Please note that our meetups are intended to be open and welcoming to all members (even non-members :-) ). The recommended skill level and gear are intended as guidelines for photographers to decide what meetups will suit them best.

Join or login to comment.

  • Cherrie M.

    The event was great fun! I took tons of pictures and had great fun meeting other members of the group I did not meet in the previous session. I'm late downloading my pictures but can't wait to review what I have because there were so many opportunities for great shots.

    February 9, 2013

  • Edwin

    It was a great activity, the people that are reenactors have a great knowledge of history.

    February 9, 2013

  • James (Jim) R.

    Really enjoy all the meetups that this group has done.

    February 9, 2013

  • James (Jim) R.

    Very good meetup.

    February 9, 2013

  • Frank

    Had a great time meeting with everyone who made it out. My apologies for having the wrong address (silly me expecting a Florida Dept of State website to have it right).

    February 9, 2013

  • Michelle T.

    Just FYI..... Parking is a challenge, arrive early and be prepared to walk. Also, if you want to watch the battle re-enactment, Please get to that location early!!!!!! The best vantage point is near the ropes in the middle. Good luck and have fun!!!

    February 2, 2013

    • Frank

      Actually that is good advice for anyone going to Olustee. Ft Milton isn't as big of draw or challenge (although parking may still be an issue it isn't as much walking) or at least last year. I set the meetup time with idea the we will have about an hour to look around and then find spots for the battle about 20 to 30 minutes before it starts. Getting a spot and moving about shouldn't be as much of an issue as it is at Olustee.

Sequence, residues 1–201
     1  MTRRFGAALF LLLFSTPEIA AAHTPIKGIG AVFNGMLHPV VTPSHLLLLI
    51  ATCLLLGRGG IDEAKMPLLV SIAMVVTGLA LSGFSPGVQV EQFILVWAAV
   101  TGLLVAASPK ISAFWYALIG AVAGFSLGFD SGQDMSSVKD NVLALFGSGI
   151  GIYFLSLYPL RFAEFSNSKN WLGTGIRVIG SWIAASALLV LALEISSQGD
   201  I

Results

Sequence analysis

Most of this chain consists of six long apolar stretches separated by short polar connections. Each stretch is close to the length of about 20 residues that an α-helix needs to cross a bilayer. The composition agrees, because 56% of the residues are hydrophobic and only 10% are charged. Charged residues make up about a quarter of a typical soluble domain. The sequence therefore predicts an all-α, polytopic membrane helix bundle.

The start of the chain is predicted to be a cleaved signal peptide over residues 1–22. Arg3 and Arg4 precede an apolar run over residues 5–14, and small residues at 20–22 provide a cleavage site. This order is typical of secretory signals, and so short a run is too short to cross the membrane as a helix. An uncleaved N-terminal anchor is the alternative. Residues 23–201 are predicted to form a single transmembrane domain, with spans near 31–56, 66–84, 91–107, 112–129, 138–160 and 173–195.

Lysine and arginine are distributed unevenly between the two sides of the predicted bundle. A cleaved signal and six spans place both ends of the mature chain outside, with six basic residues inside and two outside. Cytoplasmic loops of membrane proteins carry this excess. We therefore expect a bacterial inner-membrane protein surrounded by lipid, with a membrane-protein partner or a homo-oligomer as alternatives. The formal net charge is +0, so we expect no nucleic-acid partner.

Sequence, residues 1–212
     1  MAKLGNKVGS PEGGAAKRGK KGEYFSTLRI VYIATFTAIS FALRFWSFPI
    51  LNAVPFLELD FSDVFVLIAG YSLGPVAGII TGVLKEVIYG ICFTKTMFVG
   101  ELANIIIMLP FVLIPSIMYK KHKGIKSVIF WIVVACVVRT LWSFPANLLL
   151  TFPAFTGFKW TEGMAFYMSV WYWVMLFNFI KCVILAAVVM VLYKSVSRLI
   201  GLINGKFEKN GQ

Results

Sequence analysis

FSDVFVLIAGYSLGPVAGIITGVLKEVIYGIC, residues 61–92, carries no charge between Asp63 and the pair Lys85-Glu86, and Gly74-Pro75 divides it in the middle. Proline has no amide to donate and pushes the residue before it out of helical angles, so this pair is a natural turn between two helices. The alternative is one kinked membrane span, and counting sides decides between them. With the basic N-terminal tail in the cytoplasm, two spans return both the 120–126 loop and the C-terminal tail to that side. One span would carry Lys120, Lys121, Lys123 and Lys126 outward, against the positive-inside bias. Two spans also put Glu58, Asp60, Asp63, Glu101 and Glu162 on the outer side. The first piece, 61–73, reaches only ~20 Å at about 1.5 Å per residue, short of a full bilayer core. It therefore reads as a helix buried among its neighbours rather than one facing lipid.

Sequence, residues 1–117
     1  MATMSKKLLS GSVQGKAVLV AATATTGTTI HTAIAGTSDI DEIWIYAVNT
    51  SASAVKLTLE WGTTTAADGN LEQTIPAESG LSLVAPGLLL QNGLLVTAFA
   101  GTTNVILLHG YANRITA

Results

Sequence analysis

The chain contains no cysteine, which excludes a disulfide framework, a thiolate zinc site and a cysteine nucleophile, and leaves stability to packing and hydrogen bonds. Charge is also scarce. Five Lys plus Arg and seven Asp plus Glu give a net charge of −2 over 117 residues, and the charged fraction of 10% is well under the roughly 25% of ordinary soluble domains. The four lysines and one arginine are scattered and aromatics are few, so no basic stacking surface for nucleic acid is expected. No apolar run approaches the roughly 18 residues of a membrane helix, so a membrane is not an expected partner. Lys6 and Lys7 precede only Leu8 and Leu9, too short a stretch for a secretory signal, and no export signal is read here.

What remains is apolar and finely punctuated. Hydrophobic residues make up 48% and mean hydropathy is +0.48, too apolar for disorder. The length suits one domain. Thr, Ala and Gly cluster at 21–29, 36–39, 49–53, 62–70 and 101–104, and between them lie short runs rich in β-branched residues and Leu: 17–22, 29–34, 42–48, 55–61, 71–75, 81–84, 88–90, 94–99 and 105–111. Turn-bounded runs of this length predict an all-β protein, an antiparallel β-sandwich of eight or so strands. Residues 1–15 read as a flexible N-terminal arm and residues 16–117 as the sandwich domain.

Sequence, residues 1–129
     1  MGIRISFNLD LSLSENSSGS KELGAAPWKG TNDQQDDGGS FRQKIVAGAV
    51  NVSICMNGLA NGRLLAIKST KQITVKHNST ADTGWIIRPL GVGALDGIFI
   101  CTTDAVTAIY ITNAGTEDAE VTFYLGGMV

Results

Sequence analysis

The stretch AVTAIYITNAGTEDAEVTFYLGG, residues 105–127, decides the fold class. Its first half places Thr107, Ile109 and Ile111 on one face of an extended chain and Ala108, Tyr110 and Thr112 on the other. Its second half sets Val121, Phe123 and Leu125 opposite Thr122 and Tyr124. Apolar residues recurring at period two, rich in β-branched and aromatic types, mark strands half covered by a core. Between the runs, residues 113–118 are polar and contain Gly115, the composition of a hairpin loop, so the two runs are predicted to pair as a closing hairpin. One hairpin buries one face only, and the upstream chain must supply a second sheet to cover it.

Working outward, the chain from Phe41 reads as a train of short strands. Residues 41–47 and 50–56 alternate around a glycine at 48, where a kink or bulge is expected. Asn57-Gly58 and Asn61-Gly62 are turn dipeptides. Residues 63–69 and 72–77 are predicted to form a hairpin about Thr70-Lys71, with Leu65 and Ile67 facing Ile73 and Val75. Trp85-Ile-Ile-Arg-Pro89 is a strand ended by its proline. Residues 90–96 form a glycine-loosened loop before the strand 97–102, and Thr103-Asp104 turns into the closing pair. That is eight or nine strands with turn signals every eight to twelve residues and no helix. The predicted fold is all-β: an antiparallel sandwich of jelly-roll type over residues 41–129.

February 5, 2013

  • Kathryn A.

    I'm confused... the battle is on feb 15-17, what is going on Feb 9? Will all the settlers be there on Feb 9? Thank you

    February 3, 2013

    • mindy s.

      Same here!???? Think this is a regular Saturday thing they often do at Ft. Milton and not the huge annual event???

      February 3, 2013

    • Frank

      The Battle at Olustee is the 15th -17th. This is an event Ft Milton holds as a living history "pre-show" if you will the weekend before the historic battle which they promote as the Road to Olustee (which in a historic context makes no since apparently Camp Milton was founded after the Battle at Olustee).

      February 5, 2013

  • Cherrie M.

    I've been to Ft. Milton and you can also reach it from the Baldwin Trail (Just before the bridge on the trail that leads from the rest station) if you decide to park at the trail head of the Baldwin trail and ride your bike over to the back of Ft. Milton. I mention that because their are about 40 slots for parking at the park itself.

    February 2, 2013

  • James (Jim) R.

    Sounds good to me.

    January 31, 2013

23 went

Sign up

Meetup members, Log in

By clicking "Sign up" or "Sign up using Facebook", you confirm that you accept our Terms of Service & Privacy Policy